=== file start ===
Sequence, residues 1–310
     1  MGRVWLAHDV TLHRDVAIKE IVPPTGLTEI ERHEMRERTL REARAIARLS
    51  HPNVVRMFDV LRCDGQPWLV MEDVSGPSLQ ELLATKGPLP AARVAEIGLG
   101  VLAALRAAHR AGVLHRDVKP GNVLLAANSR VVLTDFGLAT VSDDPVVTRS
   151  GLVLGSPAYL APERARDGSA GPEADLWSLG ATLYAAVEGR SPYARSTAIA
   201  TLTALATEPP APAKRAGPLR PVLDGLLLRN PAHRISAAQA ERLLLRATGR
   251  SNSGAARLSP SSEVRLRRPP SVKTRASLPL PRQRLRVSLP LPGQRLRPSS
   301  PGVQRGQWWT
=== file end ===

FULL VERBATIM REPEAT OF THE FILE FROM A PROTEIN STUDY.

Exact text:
Sequence, residues 1–310
     1  MGRVWLAHDV TLHRDVAIKE IVPPTGLTEI ERHEMRERTL REARAIARLS
    51  HPNVVRMFDV LRCDGQPWLV MEDVSGPSLQ ELLATKGPLP AARVAEIGLG
   101  VLAALRAAHR AGVLHRDVKP GNVLLAANSR VVLTDFGLAT VSDDPVVTRS
   151  GLVLGSPAYL APERARDGSA GPEADLWSLG ATLYAAVEGR SPYARSTAIA
   201  TLTALATEPP APAKRAGPLR PVLDGLLLRN PAHRISAAQA ERLLLRATGR
   251  SNSGAARLSP SSEVRLRRPP SVKTRASLPL PRQRLRVSLP LPGQRLRPSS
   301  PGVQRGQWWT